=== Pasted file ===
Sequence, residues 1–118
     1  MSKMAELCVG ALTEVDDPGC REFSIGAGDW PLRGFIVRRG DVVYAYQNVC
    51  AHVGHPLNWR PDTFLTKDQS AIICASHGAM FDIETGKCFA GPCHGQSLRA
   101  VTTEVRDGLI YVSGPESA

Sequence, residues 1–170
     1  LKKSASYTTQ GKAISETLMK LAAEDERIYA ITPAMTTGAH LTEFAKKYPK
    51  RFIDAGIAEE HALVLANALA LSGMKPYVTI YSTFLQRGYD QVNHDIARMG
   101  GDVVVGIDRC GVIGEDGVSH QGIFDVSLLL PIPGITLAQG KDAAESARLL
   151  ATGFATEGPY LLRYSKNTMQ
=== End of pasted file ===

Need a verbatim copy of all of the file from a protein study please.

Sequence, residues 1–118
     1  MSKMAELCVG ALTEVDDPGC REFSIGAGDW PLRGFIVRRG DVVYAYQNVC
    51  AHVGHPLNWR PDTFLTKDQS AIICASHGAM FDIETGKCFA GPCHGQSLRA
   101  VTTEVRDGLI YVSGPESA

Sequence, residues 1–170
     1  LKKSASYTTQ GKAISETLMK LAAEDERIYA ITPAMTTGAH LTEFAKKYPK
    51  RFIDAGIAEE HALVLANALA LSGMKPYVTI YSTFLQRGYD QVNHDIARMG
   101  GDVVVGIDRC GVIGEDGVSH QGIFDVSLLL PIPGITLAQG KDAAESARLL
   151  ATGFATEGPY LLRYSKNTMQ